There’s also a spaceship simulation called Starship Sensorium:

The first group of virtual space travelers embarked on a year-long journey to Sensorium Galaxy. And today, you can also jump aboard the starship. During the flight, guests are entertained with live performances of DJs and unimaginable galactic views. For a comfortable trip, each passenger is offered personal cabins, various activities in the lounge area, and walks in the open space. Virtual bartenders also offer heavenly drinks, while our flying camera captures the brightest moments of the adventure.

In addition, there is something called Motion World, which describes itself as “an underwater world of perpetual motion and dance”, with creatures called Omojas:

Illustration for Motion World

There’s really nothing to see here yet, except for a Windows tech demo you can download here. It looks like you will need to shell out at least $8 in SENSO Tokens (which apparently are not rolling out until the first quarter of 2021) to get an avatar from their store (the credit card and PayPal payment options don’t work). So there’s already a store with cabins, avatars, and avatar clothing for sale, but as yet no way to buy anything.

VR Scout reports:

One investor who is really excited about the future of music in VR is Mikhail Prokhorov, former owner of the Brooklyn Nets and Jay-Z’s music streaming service Tidal, who has helped attract more than $100 million in investment money for Sensorium Galaxy.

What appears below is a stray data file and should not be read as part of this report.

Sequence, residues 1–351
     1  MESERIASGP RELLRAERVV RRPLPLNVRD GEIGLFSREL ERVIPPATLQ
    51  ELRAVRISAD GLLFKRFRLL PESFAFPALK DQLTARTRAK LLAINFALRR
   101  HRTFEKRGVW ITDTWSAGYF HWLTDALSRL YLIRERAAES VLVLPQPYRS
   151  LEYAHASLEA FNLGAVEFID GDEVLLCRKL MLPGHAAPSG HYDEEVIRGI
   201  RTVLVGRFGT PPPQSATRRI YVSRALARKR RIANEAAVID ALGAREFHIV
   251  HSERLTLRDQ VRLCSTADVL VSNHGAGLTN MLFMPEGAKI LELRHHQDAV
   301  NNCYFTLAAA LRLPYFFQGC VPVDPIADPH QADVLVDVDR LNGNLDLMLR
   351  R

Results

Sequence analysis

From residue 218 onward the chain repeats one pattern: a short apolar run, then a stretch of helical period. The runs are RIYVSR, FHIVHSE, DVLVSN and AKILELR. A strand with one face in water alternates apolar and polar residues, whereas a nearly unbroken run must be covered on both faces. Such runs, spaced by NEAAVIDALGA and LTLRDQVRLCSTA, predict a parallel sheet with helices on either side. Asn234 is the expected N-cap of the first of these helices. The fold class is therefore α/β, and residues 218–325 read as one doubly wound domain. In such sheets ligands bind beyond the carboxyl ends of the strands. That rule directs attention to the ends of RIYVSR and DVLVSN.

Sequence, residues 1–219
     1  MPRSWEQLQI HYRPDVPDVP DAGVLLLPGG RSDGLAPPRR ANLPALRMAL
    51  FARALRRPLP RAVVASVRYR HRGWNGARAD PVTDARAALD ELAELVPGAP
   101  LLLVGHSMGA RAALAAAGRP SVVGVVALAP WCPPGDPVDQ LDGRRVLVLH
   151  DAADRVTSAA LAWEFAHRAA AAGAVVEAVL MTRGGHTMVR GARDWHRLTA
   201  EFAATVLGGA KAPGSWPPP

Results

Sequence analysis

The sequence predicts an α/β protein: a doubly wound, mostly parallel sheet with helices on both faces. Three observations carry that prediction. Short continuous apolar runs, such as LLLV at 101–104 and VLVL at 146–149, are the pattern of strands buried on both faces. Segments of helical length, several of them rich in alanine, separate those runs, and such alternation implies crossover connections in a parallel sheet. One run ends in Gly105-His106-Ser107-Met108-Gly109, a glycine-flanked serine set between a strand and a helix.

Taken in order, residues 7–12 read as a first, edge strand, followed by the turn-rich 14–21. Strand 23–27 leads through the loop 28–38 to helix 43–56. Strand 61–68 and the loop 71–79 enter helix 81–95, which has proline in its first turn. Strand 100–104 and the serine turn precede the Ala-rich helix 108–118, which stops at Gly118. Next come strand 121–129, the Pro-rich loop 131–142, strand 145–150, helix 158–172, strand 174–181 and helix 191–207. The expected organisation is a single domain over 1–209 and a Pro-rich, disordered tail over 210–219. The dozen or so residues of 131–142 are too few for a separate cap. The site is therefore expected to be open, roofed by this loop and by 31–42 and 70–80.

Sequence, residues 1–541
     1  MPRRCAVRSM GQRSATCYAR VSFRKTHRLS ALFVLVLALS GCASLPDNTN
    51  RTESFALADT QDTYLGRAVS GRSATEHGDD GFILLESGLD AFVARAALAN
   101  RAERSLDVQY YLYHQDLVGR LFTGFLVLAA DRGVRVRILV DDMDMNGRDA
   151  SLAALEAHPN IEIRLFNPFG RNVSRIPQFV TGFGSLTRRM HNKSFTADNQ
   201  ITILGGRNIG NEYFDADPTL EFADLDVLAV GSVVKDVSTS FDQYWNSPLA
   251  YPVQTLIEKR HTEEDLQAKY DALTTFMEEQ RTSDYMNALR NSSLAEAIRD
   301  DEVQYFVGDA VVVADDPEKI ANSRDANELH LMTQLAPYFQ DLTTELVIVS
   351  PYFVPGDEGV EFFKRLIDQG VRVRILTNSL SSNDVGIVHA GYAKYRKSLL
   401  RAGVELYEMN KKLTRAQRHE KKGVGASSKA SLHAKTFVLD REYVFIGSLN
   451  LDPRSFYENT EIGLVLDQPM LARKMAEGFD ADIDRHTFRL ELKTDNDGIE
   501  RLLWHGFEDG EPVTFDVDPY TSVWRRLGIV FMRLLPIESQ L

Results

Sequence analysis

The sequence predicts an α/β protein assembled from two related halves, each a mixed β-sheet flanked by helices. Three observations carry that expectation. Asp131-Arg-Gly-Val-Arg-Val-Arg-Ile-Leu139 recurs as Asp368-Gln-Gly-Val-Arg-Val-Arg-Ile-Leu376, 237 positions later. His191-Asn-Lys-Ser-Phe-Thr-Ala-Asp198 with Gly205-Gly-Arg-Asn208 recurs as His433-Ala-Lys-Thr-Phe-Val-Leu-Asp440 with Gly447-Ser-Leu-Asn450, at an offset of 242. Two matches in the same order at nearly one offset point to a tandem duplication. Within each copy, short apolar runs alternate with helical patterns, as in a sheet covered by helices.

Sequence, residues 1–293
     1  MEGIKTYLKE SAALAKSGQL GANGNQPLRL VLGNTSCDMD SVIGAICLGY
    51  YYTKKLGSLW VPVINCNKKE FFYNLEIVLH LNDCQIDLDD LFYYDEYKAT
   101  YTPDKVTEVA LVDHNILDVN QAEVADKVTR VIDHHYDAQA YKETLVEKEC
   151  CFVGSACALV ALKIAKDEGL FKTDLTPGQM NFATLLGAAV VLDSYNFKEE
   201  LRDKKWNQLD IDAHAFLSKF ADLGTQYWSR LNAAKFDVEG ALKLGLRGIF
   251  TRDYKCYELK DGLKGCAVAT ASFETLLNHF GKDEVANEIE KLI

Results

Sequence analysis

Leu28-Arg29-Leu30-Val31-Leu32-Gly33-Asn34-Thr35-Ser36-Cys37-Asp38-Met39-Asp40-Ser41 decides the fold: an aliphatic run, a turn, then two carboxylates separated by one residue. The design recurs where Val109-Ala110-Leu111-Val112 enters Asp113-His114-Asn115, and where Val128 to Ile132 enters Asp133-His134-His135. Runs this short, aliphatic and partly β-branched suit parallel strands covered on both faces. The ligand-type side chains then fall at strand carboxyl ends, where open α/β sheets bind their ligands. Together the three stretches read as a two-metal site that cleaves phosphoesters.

And—this was bound to happen sooner or later—Somnium Galaxy is the first social VR platform that I have encountered where my desktop gaming computer does not meet the minimum specifications: a i5-7500 or Ryzen 5 1600 CPU, and a GeForce GTX 1080 or RX Vega 64 GPU (I have the GeForce GTX 1080, but my CPU is only an i5-6600).

They are aiming squarely for the high-end PCVR crowd here, users with an HTC Vive or an Oculus Rift S (and Facebook has already announced that they will be suspending sales of the Rift this coming spring). This is not a platform you will be able to visit on your wireless Quest headset! And, as the teams building the old High Fidelity platform and Sansar have each discovered to their detriment, aiming for high-end PCVR might just be a tactical error.

As always, I issue the following warning: Do every single shred of your homework before investing a penny in ANY blockchain or cryptocurrency-based project! Do not be swayed by the names of famous deejays attached to this project; as we have already seen before with Staramba Spaces/MATERIA.ONE, celebrity endorsements alone are not a guarantee of a viable platform.

If you’re interested in learning more about Sensorium Galaxy, you can visit their website, or follow them on social media: Facebook, Twitter, Telegram, and LinkedIn.